First up, a fait accompli from the Guardian:
Floods, forest fires, expanding deserts: the future has arrived
- Evidence from around the world supports scientists’ assertion that global warming is already happening
Climate change is no longer viewed by mainstream scientists as a future threat to our planet and our species. It is a palpable phenomenon that already affects the world, they insist. And a brief look round the globe certainly provides no lack of evidence to support this gloomy assertion.
In Bangladesh, increasingly severe floods – triggered, in part, by increasing temperatures and rising sea levels – are wiping out crops and destroying homes on a regular basis. In Sudan, the heat is causing the Sahara to expand and to eat into farmland, while in Siberia, the planet’s warming is causing the permafrost to melt and houses to subside.
Or consider the Marshall Islands, the Pacific archipelago that is now struggling to cope with rising seas that are lapping over its streets and gardens. Even the home of the country’s president Christopher Loeak is feeling the effects. “He has had to build a wall around his house to prevent the salt water from inundating,” Tony de Brum, the islands’ foreign minister, revealed recently.
From the Associated Press, water woes in parched California:
California’s water agencies look to budget water
As California’s severe drought continues, state and local agencies are looking at budgeting water use by creating a daily water allocation for each household.
The San Gabriel Valley Tribune reports (http://bit.ly/1xsETsi ) that under such a scheme, a household would be allotted a certain number of gallons for indoor water use and another for outdoor water use.
The amount allocated is calculated using census data, aerial photography and satellite imagery to determine a property’s efficient water usage amount. Those using above their designated amount would pay extra.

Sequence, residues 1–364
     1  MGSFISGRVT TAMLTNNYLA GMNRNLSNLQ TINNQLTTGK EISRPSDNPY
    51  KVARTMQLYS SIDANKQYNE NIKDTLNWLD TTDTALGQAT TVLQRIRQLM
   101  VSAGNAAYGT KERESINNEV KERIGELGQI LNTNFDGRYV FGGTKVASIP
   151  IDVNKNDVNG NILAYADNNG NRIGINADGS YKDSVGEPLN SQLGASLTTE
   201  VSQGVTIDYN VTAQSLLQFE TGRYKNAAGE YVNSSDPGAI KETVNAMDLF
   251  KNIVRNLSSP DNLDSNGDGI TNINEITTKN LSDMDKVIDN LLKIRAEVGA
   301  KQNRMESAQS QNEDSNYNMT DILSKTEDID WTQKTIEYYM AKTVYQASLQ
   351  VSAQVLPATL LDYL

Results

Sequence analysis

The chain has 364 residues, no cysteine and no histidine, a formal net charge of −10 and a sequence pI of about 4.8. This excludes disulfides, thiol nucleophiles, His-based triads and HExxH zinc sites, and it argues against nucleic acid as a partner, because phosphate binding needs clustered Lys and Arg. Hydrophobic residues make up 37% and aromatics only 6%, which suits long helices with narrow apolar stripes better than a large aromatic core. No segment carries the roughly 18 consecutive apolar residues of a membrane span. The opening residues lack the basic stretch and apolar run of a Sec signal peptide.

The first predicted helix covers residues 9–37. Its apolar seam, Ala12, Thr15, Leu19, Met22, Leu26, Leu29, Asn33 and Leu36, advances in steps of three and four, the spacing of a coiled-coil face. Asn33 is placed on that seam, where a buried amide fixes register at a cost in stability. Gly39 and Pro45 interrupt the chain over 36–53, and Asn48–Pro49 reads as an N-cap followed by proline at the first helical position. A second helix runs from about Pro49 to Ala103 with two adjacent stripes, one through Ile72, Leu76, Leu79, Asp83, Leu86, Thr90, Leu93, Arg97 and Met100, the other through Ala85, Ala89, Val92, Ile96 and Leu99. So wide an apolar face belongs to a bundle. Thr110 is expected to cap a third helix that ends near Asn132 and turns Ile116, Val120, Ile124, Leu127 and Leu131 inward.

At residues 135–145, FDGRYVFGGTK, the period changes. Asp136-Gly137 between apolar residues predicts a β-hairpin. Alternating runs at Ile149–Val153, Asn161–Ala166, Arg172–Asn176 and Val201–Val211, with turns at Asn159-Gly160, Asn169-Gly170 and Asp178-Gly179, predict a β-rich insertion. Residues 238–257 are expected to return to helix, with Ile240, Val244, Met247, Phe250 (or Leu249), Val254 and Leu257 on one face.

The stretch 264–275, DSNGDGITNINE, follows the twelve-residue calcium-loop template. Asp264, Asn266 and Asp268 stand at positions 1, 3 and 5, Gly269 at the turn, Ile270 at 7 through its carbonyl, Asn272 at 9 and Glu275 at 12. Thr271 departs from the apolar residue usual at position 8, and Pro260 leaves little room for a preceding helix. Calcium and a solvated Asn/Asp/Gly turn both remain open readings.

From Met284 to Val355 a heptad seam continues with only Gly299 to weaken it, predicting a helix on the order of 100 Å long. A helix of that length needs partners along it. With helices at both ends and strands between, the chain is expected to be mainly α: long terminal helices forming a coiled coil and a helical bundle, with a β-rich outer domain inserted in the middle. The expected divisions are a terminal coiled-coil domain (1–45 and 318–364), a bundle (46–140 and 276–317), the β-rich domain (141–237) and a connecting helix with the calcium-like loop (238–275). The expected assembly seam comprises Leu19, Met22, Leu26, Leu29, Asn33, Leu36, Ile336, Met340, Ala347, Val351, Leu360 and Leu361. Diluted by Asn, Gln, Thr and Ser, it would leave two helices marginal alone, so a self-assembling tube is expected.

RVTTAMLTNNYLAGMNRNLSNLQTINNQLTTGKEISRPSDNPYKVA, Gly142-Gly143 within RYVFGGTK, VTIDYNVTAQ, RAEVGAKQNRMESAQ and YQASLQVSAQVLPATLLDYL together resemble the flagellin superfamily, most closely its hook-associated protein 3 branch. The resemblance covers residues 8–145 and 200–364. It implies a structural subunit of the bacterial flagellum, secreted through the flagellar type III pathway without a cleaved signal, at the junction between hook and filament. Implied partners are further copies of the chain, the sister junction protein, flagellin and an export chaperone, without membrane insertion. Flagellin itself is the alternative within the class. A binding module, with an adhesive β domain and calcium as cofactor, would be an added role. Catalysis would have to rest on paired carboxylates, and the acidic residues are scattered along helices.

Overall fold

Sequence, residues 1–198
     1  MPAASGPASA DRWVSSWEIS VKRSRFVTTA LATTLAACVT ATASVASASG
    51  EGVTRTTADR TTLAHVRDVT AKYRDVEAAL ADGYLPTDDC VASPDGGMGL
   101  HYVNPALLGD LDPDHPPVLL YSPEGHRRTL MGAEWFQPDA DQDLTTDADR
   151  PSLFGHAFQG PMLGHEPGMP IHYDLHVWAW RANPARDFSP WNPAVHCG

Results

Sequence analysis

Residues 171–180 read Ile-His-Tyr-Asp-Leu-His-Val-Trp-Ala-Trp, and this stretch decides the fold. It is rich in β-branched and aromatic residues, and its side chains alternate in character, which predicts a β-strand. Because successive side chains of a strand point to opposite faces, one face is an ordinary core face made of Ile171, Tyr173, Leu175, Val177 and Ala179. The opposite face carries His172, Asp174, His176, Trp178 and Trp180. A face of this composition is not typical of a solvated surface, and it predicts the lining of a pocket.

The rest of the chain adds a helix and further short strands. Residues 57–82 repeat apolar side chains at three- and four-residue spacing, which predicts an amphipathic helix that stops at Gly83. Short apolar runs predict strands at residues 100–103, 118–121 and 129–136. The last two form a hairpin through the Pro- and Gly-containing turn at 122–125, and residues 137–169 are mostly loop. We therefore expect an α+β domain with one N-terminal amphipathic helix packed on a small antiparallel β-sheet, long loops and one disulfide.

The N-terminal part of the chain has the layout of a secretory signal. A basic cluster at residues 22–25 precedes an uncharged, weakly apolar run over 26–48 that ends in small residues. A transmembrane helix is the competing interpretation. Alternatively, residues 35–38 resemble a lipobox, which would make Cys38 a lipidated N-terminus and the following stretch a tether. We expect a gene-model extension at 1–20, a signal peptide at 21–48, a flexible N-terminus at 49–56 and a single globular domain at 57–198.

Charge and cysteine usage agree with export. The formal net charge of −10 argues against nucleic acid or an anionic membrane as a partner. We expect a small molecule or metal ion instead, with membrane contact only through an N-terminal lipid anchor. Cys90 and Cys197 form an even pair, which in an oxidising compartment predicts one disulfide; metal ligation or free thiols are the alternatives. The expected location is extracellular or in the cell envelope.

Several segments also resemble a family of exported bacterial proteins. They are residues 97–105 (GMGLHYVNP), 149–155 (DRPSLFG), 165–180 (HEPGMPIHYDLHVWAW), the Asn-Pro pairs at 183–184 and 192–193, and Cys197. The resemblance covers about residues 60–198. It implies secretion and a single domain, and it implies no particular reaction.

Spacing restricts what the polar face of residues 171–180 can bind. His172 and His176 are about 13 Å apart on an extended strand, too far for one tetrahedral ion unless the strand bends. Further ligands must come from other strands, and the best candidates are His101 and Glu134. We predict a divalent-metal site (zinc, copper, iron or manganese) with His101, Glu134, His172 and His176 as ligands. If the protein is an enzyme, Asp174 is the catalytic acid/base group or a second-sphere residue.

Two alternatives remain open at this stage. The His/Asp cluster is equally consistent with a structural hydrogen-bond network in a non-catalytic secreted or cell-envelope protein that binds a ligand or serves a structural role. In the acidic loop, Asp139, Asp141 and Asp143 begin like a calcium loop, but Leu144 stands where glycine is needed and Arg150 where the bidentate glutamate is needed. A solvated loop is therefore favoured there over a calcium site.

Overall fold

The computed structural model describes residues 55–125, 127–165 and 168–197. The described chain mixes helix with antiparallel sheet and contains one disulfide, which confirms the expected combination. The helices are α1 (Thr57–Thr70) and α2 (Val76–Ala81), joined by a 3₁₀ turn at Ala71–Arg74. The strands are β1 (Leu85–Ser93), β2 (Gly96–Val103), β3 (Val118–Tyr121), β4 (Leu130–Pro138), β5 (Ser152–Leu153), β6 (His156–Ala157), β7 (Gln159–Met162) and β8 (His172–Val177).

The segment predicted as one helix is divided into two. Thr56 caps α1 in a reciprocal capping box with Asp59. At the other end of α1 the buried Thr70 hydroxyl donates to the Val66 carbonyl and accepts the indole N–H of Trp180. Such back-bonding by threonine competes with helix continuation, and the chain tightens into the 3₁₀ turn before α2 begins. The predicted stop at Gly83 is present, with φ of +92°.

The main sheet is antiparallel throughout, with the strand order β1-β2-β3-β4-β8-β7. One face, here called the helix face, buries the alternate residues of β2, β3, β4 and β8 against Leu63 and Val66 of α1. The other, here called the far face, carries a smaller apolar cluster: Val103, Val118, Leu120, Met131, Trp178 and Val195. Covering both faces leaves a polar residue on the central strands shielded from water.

Such a system is already in use or being considered by several municipalities statewide.
A similar crisis half a world away from the Los Angeles Times:
Iran prays for rain amid acute water shortage
Concern is mounting about dwindling water supplies across Iran, from the densely populated, smog-ridden capital and its parched suburbs to provincial towns and cities to far-flung corners of the nation, much of which is desert. Lakes and rivers have been drying up, reservoirs are at historic lows and water supplies have been cut in some areas. The annual snowmelt from the mountains is on the decline.
On the streets here, people grumble about cuts in water service. Many buildings have tanks on the roofs to collect rainwater. Unfortunately, it hasn’t rained in months. Bottled water is available, but many Iranians have little excess income for purchasing it. Most Iranians rely on tap water for both drinking and washing.
“On some days of the week, our tap water is cut for seven or eight hours,” said Akbar Aziz, 40, a printing-house employee who lives in the capital’s working-class Khorasan district. “We are consuming as little as possible,” said Aziz, a father with young daughters. “We shower only two times a week. So we are not responsible for the water shortages.”
Environmental Health News covers another water woe:
Fish still contaminated with phased-out Scotchgard chemical
A persistent chemical formerly used in Scotchgard still contaminates most fish in U.S. rivers and the Great Lakes despite a phase-out a dozen years ago, a new federal study shows.
U.S. Environmental Protection Agency researchers found perfluorooctane sulfonic acid (PFOS) in all of the 157 fish sampled from nearshore waters in the five Great Lakes and in 73 percent from 162 rivers.
The study, the largest of its kind in freshwater fish, suggests that eating bass, trout, walleye and catfish could be a major source of exposure for anglers and their families. The chemical remains widespread in wildlife, people and water around the world.
From BBC News, a body count:
Japan volcano: Mt Ontake rescue teams find 31 bodies
The bodies of 31 hikers have been found near the top of Japan’s Mount Ontake a day after a sudden volcanic eruption.
The hikers were not breathing and their hearts had stopped. The search for a total of 45 missing climbers has now been called off for the night.
The volcano, about 200km (125 miles) west of Tokyo, erupted without warning on Saturday, spewing ash and rocks. About 250 people were trapped on the slopes of the popular beauty spot, but most got down safely.
Deutsche Welle covers the story:
Hikers killed in Japan earthquake
More than 30 people have been killed after a volcano in Japan erupted unexpectedly. Mount Ontake continues to spew ash and smoke into the air, creating difficulties for rescue teams attempting to reach hikers still stranded on the slopes. Experts were taken by surprise by the eruption; they say there were no warning signs in the preceding hours.